If no immediate hazard exists, property owners should take their time in making decisions on pruning the snowstorm damaged trees or replacing them, said Chuck Conner, an urban forester for the Missouri Department of Conservation (MDC).
Broken limbs or tree tops that cannot be reached from the ground should probably be removed by tree-care professionals, such as certified arborists, Conner said. Tree trimming can be hazardous. "Pruning large trees is a task for those who are trained and know what they're doing," he said.
Even damage that is easily reachable by property owners should be removed with care. "If a broken branch is not going to fall on a driveway or a house, there's no hurry," Conner said. "Wait until the snow is off."
The long-term loss of tree shade and symmetry due to storm damage depends on the size,
species and remaining healthy growth. Trees are capable of rapidly growing new branches that fill in foliage gaps. "If it's just a branch broken here and there, in a few years you won't even notice the damage," Conner said.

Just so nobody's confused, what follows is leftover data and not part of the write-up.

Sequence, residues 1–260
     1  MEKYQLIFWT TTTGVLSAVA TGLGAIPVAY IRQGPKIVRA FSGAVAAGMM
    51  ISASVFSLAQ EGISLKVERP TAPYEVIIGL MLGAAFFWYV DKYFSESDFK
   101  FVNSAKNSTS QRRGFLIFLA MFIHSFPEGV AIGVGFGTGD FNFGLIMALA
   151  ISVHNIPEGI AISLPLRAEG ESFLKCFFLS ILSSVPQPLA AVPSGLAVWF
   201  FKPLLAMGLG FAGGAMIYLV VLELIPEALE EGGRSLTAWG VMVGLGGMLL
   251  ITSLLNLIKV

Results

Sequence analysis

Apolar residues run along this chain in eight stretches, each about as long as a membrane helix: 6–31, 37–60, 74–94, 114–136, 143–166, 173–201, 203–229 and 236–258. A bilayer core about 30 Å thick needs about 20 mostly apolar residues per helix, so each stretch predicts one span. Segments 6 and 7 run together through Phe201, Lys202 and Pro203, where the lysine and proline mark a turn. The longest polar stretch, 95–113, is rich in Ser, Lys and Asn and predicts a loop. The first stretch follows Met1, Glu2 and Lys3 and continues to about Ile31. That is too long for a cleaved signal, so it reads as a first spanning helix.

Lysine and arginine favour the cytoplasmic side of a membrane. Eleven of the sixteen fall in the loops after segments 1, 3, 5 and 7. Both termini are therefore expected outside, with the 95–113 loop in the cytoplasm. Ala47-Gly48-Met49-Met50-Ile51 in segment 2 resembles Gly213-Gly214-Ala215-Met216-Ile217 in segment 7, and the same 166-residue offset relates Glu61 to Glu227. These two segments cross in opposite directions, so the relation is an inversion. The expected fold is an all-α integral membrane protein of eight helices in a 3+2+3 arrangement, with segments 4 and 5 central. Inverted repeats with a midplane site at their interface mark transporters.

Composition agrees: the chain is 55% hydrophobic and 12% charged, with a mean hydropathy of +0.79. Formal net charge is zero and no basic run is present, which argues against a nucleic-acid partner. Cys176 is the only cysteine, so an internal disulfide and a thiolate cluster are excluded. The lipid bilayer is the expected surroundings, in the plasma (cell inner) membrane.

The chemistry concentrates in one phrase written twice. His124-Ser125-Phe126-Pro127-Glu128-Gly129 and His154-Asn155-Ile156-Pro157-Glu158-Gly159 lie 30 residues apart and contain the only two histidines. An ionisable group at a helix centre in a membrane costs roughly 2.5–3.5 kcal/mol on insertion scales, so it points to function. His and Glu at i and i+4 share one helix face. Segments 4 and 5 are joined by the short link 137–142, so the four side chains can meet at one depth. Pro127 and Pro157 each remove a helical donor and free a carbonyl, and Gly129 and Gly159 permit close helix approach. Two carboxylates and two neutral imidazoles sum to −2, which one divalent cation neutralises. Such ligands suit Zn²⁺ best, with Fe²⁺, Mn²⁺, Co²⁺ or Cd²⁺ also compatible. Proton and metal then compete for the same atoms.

But usually if half or more of a tree is lost to storms, the tree needs to be replaced. "If more than 50 percent of a tree is on the ground, it won't come back," he said, "especially when trees are under so much drought stress."
Property owners are advised to use trained and certified arborists when hiring someone to prune trees or remove storm-damaged trees. Get more than one estimate for the job, Conner said. Ask for proof of certification and membership in professional arborists organizations, and ask for references.
Good arborists don't "top" trees, which is slang for trimming all the smaller limbs out of the top a tree.
For trees not damaged, regular professional pruning of valuable yard trees can spare a property owner damage in future storms. A high percentage of storm damage occurs because trees are not properly pruned as they grow through the decades, Conner said.
More information on post-storm tree care is available on the MDC web site at www.mdc.mo.gov/node/5224.